I just returned from Singapore, where I attended the ACI Asia Pacific annual conference. My colleague, Patti Chau, does a great job there as Regional Director and they put on a great conference. I was honored to have been asked to moderate the final panel of the meeting, the CEO Forum. The CEOs of San Diego, Sydney, Athens and Singapore airports were on the panel, along with Angela Gittens, Director General of ACI World.
Singapore is a terrific place to visit. It still maintains a certain influence from the British colonial period but is also unmistakably Asian. There are so many new and exciting things going on there, but the history of the place, and its many cultures, are found everywhere you look. It is famous for its street food, and I can tell you that it is wonderful. We took a couple of boat rides on the river, one at night and one during the day. I was amazed at how different the city looked on the two rides, and how beautiful it was each time. From tea at the Raffles Hotel to lunch on the roof of the Marina Bay Sands; from roaming the Botanical Gardens to touring Chinatown, I highly recommend a trip to Singapore.
As for the conference, a real highlight was the keynote speech by Philip Chen, former CEO of Cathay Pacific Airlines. His speech was full of substance and inspiration, made even more remarkable by the fact that a previous speaker had, by accident, removed his prepared remarks from the podium. Chen talked about the pace of change, and the role of aviation. He talked about how people throughout the region were planning for the dynamic future to come, and those who do not are doomed to fail. This brought to mind the speech I gave recently in Denver, where I pointed out that U.S. airlines and the U.S. government seem content to ride with what we have and are neglecting this competitive challenge. I asked him about this, which led to a morning of engaging conversation. He even told a William Henry Harrison joke. Anyone who can joke about our shortest serving president has the admiration of this presidential history geek. But even more, his message is one we ignore at our peril, and we in the United States are right in the middle of doing so.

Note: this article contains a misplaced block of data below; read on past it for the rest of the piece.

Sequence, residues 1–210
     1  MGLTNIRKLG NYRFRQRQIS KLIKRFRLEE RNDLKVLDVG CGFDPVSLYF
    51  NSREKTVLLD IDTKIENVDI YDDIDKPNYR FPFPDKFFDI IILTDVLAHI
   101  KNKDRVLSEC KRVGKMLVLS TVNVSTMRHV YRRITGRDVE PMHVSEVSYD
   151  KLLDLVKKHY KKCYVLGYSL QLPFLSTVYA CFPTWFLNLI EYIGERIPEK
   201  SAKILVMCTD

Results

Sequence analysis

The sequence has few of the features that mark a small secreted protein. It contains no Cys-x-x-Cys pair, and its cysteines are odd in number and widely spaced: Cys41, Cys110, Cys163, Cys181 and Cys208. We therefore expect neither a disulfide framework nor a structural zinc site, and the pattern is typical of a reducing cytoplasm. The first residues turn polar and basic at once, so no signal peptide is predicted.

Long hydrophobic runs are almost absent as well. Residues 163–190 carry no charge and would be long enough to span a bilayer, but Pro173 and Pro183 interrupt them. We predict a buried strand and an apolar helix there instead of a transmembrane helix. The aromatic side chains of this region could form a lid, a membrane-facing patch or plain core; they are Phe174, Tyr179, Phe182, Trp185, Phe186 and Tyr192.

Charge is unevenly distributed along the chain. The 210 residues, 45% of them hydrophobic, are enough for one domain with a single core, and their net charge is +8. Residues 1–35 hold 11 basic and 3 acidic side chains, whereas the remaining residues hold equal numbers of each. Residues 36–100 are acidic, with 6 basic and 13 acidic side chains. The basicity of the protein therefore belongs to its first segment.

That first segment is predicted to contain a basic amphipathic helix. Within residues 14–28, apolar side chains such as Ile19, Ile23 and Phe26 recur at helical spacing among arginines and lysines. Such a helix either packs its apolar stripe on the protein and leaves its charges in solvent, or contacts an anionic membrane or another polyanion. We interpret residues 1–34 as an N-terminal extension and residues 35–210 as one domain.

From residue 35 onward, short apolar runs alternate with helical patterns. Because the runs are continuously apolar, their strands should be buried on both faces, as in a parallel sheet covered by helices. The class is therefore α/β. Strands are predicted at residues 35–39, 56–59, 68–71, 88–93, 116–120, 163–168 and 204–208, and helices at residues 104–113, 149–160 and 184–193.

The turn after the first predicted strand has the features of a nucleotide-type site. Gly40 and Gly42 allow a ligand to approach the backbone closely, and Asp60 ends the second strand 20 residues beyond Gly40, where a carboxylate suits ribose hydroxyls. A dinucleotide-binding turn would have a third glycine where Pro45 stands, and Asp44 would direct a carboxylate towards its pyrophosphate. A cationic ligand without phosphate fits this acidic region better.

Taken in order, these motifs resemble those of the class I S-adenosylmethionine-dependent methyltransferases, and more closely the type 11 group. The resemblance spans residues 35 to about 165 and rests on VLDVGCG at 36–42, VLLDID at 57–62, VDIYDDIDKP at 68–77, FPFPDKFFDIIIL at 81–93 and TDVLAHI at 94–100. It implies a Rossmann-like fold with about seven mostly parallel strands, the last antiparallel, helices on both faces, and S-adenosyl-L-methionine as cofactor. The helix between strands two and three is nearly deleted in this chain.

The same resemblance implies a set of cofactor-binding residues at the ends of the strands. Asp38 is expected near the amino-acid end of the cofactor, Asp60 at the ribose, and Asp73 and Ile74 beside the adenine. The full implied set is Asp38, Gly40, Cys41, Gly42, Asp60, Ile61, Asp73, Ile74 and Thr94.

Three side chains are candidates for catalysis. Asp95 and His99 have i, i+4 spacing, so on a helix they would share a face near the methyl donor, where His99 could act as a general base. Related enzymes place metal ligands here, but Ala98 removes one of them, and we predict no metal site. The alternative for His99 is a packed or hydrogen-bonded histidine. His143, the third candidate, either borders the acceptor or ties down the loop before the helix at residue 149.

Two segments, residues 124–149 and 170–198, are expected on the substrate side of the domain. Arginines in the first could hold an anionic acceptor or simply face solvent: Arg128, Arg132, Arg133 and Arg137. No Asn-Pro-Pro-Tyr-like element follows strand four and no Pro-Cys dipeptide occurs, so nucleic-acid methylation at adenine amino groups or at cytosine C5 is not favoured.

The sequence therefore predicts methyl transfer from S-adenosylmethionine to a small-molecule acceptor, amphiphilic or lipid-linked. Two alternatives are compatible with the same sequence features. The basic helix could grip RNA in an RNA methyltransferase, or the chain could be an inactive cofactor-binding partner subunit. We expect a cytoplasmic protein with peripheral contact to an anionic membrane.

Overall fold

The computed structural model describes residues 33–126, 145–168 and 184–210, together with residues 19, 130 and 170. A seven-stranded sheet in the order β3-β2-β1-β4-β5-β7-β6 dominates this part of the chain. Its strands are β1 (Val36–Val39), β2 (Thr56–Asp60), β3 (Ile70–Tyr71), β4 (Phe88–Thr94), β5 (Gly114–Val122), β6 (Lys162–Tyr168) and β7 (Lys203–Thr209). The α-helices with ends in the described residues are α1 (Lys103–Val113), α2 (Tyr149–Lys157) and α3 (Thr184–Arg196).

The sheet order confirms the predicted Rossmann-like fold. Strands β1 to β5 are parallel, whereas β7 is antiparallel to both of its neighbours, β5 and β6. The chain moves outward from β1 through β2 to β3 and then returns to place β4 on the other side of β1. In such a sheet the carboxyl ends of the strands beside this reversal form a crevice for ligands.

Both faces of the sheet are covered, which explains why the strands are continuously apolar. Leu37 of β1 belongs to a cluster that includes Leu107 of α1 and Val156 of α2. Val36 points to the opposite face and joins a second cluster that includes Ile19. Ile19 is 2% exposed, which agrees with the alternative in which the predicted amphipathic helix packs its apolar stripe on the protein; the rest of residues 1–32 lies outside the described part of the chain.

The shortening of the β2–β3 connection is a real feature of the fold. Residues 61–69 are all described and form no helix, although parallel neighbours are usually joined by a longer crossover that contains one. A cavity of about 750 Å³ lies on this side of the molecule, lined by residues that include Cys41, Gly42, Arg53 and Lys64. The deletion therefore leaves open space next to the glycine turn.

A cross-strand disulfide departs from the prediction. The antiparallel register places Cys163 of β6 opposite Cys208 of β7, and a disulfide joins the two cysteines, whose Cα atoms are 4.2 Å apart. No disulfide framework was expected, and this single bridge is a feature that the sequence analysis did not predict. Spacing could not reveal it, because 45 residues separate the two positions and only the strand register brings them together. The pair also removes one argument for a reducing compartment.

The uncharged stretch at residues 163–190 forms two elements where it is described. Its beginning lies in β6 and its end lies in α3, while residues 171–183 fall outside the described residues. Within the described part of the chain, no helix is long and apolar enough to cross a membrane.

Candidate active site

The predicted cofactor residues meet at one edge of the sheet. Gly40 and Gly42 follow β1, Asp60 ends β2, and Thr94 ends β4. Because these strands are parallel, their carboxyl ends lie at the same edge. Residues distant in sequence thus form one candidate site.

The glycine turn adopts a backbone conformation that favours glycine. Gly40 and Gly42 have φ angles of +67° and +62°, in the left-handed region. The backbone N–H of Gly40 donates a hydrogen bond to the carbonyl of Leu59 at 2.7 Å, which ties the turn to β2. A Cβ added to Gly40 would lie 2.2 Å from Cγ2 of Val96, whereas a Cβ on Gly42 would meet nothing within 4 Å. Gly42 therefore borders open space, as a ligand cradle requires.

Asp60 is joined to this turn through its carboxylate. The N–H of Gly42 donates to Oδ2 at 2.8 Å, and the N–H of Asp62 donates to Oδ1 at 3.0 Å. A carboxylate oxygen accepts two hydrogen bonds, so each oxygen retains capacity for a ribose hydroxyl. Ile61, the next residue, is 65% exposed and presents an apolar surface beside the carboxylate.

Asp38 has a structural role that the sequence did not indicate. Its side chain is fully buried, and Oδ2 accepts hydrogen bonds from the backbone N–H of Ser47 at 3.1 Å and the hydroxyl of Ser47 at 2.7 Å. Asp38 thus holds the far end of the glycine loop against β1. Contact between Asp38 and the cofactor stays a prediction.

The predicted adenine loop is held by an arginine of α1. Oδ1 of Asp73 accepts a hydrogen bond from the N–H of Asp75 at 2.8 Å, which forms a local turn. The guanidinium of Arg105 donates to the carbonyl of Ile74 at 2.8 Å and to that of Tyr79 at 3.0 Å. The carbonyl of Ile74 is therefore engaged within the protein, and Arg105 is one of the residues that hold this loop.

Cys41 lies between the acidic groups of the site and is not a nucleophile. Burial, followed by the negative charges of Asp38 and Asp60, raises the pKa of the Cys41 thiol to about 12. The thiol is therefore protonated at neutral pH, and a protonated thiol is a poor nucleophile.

Indeed, this was confirmed throughout the days I spent in Singapore. I heard the same message over and over again. The global aviation market is growing, it is a global industry and those who ignore that are writing a dim future for themselves. Some who heard, or heard about, the Denver speech came up to me to make this comment.
It may make some feel good to think that the U.S. is a “mature” aviation market so we shouldn’t invest in anything new. But as I’ve said before, we risk making the same mistake steel and auto makers made a half century ago, mistakes which led them to a generation of protectionism as their only means of survival. I do not want to see such a future for U.S. aviation. Right now, considering the path we are on, I am not optimistic.